The statement expresses WISG’s official position in connection with the planned “march of dignity”/Pride. The statement does not call on citizens to take part in the announced march, nor does it encourage them to distance themselves from it.
Moreover, as a community organization, WISG bears the responsibility and the obligation to voice the dissenting opinion of those community members who oppose the idea of holding a Pride march.
The brief but unique history of the LGBT movement in Georgia is a clear example of how select politically engaged, religious, ultra-nationalist and ultra-right groups and the media manipulate with LGBT issues, how homophobia is used to enhance anti-Western sentiment, and what political claim lies before organized anti-gay rallies in Georgia, which have enjoyed a much longer history than activists’ attempts to peacefully mark the International Day against Homophobia.
The high level of hate manifested towards the LGBT community in public attitudes, which is intentionally exacerbated as a result of many years of “work” by the groups mentioned above, has never become a matter of concern for any government or a reason for the state to recognize homophobia as a systemic and national problem, express political will and identify a long-term strategy to combat it.
With the onset of Pride Week, there are increasingly frequent questions and assumptions both within the community, as well as societal groups, about which political forces will become more active and use the Pride march for homophobic speculation and political manipulation.
Both last year and this year, owing to individual threats and high political risk, community organizations made the call to cancel public rallies to mark IDAHO on May 17th. When a public march contradicts the “Do No Harm” principle, upon which WISG’s policy is based, we want to dissociate ourselves from such actions whose benefits are unclear, but which may cause significant damage and risk.
In spite of all of the above, it is essential to understand that the diverging positions within the community are not misinterpreted and exploited to fuel confrontation among community members. The queer community is not a homogeneous movement and activists harbor diverse visions and strategies.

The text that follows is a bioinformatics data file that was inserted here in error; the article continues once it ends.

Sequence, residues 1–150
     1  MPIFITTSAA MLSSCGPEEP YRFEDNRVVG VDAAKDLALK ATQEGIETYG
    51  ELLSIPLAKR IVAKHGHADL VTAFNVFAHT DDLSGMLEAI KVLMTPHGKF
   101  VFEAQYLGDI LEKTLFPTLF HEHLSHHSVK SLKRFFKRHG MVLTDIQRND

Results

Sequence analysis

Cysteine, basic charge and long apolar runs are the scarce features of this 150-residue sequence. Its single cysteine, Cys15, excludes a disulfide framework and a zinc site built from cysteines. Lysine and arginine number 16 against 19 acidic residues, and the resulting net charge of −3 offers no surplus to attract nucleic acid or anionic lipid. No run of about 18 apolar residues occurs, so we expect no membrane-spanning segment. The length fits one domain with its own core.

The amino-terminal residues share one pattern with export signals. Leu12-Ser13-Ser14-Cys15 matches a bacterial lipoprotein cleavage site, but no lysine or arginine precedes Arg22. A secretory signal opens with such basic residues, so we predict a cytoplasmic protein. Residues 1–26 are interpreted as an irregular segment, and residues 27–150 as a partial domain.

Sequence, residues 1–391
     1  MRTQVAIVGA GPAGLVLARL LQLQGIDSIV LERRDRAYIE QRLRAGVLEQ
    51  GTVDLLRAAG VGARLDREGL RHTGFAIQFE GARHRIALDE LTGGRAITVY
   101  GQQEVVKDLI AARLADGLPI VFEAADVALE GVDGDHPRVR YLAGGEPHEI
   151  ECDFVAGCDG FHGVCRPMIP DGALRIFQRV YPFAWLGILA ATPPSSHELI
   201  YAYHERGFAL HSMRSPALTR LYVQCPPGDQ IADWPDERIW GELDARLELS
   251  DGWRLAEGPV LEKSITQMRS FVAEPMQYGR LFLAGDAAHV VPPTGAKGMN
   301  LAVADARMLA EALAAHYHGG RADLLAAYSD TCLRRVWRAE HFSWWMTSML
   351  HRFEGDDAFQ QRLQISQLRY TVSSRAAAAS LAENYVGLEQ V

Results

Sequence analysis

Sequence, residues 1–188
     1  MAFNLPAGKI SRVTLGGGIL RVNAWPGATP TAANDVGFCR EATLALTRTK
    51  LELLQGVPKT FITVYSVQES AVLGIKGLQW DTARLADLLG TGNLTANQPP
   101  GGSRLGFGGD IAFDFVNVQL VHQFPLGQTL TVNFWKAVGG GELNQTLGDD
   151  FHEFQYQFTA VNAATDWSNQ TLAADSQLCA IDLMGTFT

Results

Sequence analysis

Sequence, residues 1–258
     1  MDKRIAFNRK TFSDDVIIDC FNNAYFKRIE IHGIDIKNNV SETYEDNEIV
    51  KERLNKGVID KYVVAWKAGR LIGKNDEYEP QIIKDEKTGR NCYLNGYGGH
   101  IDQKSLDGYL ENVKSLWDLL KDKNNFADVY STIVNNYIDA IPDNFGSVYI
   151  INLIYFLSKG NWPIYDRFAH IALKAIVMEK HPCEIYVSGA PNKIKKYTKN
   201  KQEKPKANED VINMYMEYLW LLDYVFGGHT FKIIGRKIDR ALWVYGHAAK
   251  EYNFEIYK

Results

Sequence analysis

Queer activists also have a responsibility to consider the methods they plan to apply in striving to achieve a particular result. Moreover, we have a privilege and a responsibility to serve as communicators for the queer community in relations with the general society and the government. Hence, any issue the activists place on the agenda is reflected on the general situation of the queer community and societal attitudes towards queer issues.
Consequently, we consider as just and fully share the discontent of a part of the community towards the organization of a mass rally. We believe that the planning and implementation of large-scale public events (whether it be IDAHO or the Pride/dignity march) requires greater transparency, inclusion of community members and legitimacy, since this decision directly or indirectly affects each member of the queer community. We once again consider the holding of Pride events a politically counterproductive decision, which is inconsistent with our vision.
We strongly urge the government and law enforcement agencies to protect citizens’ freedom of expression and ensure the mobilization of special security measures on a continuous basis, rather than solely throughout the duration of the march. This should be done taking into account the fact that the ultra-right and ultra-nationalist populist and political groups are already openly disseminating statements calling for aggression and violence.